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ost companies at this point understand the inancial and social benefits of having a top- notch supplier diversity program but still need as- sistance in getting started or expanding. Depending on where your company is on their supplier diversi- ty journey that can look different according to your unique goals and company structure. However, some aspects always ring true. Here are a few strategies that can help you build or transition to a next level suppli- er diversity program.
MAKE SURE YOUR ORGANIZATION UNDER- STANDS SUPPLIER DIVERSITY
According to the Small Business Administra- tion, supplier diversity programs were designed to give minority, women and what has since been classified as under-utilized small business owners, an opportunity to secure contracts with govern- ment agencies, major companies and corporations as qualified-small business suppliers. Under-uti- lized small business owners also include those who are LGBTQIA+, veterans or those with disabilities. These programs serve as a bridge of opportunity to those who, in general, have not always received equal access to participate in such opportunities. What these programs are NOT is a hand out. Diverse and historically-disadvantaged suppliers must still be competitive and offer outstanding products or ser- vices in order for companies that contract with them to still offer the highest levels of excellence.
GET THE BUY-IN & CREATE A CORPORATE POLICY
Many agencies and programs have federal man- dates on their supplier diversity spending. While you may not have supplier diversity requirements, that does not mean you cannot create a company pol- icy and commit to it. Drafting a policy for internal stakeholders and customers helps define how you plan to use the supplier diversity program as well as in what ways it will be a benefit to everyone. Sup- plier diversity programs help businesses survive during economic downturns, weather supply chain shortages as well as bring new services or products to consumers more quickly. They widen the sup- plier pool and promote healthy competition, which improves quality and can reduce costs. Explaining this rationale in your policy will go a long way to getting the buy-in needed at all levels of your or- ganization. Once outlined, the policy can be main- tained through an internal accountability structure.
Building a Next Level Supplier Diversity Program
By Tawanah Reeves-Ligon START WITH YOUR CURRENT SUPPLY CHAIN
The easiest place to start or improve is within your current supply chain. Identify those suppliers you al- ready have that fall into the diversity categories as well as how much you spend with them. Break down those figures and spending for each category dol- lar-for-dollar to get an overall sense of where your diversity spending already is. This will help you identify where your spending is, and where it is not. What businesses are you spend- ing with, but could do more? Reach out to the ones you have a relationship with and increase spending with them as well as request referrals. They probably know other quality suppliers looking for opportunity. Which diverse and historically-underutilized busi- nesses are you not spending with? Contact local supplier diversity councils in your area or state that service those groups to let them know youre looking to expand your supplier diversity spending with them in mind.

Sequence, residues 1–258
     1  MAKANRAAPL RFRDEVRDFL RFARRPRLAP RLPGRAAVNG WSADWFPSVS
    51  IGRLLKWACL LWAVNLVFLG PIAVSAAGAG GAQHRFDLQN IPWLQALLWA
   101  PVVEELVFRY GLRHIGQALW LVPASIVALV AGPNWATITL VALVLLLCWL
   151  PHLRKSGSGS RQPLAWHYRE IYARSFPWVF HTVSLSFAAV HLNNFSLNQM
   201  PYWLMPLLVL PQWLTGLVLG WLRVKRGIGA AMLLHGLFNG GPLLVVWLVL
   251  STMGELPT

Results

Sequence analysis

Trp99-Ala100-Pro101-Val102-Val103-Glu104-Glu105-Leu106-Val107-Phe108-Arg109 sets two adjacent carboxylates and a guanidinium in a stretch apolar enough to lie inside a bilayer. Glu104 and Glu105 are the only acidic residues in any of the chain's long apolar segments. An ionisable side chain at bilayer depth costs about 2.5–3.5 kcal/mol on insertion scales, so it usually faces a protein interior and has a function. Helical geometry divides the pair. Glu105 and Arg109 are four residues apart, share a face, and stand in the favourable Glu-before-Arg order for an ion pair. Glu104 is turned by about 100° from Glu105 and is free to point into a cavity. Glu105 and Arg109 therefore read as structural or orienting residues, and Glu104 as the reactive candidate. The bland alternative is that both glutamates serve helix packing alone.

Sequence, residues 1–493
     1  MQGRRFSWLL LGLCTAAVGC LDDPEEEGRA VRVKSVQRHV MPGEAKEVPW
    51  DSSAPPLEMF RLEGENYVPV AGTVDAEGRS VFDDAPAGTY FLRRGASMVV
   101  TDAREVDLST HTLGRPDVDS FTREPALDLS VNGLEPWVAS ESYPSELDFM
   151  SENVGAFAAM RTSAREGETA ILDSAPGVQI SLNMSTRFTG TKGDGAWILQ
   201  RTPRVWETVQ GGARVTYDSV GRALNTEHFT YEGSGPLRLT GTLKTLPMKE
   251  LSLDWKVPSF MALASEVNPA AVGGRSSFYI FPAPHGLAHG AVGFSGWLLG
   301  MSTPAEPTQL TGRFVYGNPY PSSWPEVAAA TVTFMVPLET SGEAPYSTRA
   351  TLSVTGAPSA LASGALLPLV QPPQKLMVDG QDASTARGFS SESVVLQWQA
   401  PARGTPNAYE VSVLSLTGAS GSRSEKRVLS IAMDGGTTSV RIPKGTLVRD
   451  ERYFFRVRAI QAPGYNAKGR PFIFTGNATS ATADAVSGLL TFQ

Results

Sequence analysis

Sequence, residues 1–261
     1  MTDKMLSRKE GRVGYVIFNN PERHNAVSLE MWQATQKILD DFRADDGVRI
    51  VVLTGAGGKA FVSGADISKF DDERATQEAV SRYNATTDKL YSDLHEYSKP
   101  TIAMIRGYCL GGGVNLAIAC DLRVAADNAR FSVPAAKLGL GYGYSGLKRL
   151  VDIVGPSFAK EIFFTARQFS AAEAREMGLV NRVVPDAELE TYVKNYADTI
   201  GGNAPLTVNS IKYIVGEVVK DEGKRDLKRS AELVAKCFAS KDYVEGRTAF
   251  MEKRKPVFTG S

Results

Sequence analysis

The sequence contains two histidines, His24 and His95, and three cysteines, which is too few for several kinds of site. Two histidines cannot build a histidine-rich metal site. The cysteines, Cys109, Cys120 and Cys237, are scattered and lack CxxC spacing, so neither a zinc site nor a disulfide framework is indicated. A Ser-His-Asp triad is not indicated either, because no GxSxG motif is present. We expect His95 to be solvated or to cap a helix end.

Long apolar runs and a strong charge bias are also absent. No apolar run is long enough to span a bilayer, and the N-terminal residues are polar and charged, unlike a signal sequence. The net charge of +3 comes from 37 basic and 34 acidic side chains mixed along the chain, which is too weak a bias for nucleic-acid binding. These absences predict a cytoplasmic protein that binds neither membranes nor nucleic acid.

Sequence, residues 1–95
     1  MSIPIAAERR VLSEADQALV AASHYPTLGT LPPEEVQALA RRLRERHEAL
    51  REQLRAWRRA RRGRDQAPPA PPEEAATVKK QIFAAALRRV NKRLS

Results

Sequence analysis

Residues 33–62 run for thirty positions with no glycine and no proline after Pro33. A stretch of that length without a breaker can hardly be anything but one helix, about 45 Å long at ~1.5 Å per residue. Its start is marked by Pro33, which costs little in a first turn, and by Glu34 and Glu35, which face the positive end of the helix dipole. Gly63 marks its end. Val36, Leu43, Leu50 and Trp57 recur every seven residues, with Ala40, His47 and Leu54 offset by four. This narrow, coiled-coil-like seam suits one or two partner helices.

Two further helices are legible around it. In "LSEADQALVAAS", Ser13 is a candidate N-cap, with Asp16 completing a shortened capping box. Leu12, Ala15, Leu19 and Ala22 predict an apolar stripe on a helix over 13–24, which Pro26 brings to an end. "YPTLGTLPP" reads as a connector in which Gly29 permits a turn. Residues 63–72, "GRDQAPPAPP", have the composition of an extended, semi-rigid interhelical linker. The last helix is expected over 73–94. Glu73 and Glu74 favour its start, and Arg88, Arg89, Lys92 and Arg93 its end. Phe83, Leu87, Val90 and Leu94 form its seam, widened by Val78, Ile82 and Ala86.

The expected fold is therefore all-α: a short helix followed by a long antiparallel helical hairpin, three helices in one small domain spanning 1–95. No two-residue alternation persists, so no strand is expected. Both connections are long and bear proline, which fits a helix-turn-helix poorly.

BRING DIVERSITY INTO YOUR PROCURE- MENT & ONBOARDING
Procurement and onboarding are excellent areas to work on supplier diversity. As with any business tactic, supplier diversity becomes successful when incorporated naturally into day-to-day operations. Integrate supplier diversity into your procurement function through digitization automation. Also, add a business clarification form that includes diversity de- mographics to your packet of forms and contracts that you require from suppliers as part of your onboarding processes. Ask for third-party certifications. Get as much information as you can, so that you can more accurately monitor and track your program.
HAVE EFFECTIVE TOOLS AND SYSTEMS IN PLACE
You need more than spreadsheets to build and maintain a next level supplier diversity program. Once you have your accountability statement and cor- porate policy in place, have the proper reporting tools and systems to be able to gauge your progress and expand. How do internal stakeholders find the wom- en- or LGBTQIA-owned suppliers they need to ful- ill their commitment in the supplier database? What tracking methods and metrics are available to assist in their relationship building with their veteran- or minority-owned suppliers? Have annual audits and, if necessary, adjust or remove certain activities in order to realign your organization with your policies and plans. Invest in a vendor management software, or outsource monitoring, if necessary, to a supplier man- agement team to help you attain and progress your supplier diversity goals. Being aware of what companies youre attracting and partnering with through your supplier diversity program goes beyond social responsibility and ac- countability politics. Your stakeholders, employees and customer base are watching as well to see that youre represented by the best and creating opportu- nity for forward progression. Thus, take these strate- gies and build a better tomorrow for your business.Previous Page